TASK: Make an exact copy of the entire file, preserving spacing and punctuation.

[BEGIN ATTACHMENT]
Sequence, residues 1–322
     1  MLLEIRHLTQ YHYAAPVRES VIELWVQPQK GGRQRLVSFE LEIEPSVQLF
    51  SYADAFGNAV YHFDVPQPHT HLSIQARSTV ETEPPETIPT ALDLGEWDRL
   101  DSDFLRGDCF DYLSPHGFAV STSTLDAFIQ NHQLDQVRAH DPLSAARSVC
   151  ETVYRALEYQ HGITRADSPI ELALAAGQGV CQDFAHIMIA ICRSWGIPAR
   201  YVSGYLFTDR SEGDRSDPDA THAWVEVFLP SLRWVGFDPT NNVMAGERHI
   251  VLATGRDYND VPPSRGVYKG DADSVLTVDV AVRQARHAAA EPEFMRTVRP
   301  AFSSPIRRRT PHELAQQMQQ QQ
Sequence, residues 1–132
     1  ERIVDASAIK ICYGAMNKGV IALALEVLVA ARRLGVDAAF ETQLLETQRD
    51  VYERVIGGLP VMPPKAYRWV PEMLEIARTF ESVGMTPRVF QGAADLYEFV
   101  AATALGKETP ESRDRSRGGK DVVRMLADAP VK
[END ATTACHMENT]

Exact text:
Sequence, residues 1–322
     1  MLLEIRHLTQ YHYAAPVRES VIELWVQPQK GGRQRLVSFE LEIEPSVQLF
    51  SYADAFGNAV YHFDVPQPHT HLSIQARSTV ETEPPETIPT ALDLGEWDRL
   101  DSDFLRGDCF DYLSPHGFAV STSTLDAFIQ NHQLDQVRAH DPLSAARSVC
   151  ETVYRALEYQ HGITRADSPI ELALAAGQGV CQDFAHIMIA ICRSWGIPAR
   201  YVSGYLFTDR SEGDRSDPDA THAWVEVFLP SLRWVGFDPT NNVMAGERHI
   251  VLATGRDYND VPPSRGVYKG DADSVLTVDV AVRQARHAAA EPEFMRTVRP
   301  AFSSPIRRRT PHELAQQMQQ QQ
Sequence, residues 1–132
     1  ERIVDASAIK ICYGAMNKGV IALALEVLVA ARRLGVDAAF ETQLLETQRD
    51  VYERVIGGLP VMPPKAYRWV PEMLEIARTF ESVGMTPRVF QGAADLYEFV
   101  AATALGKETP ESRDRSRGGK DVVRMLADAP VK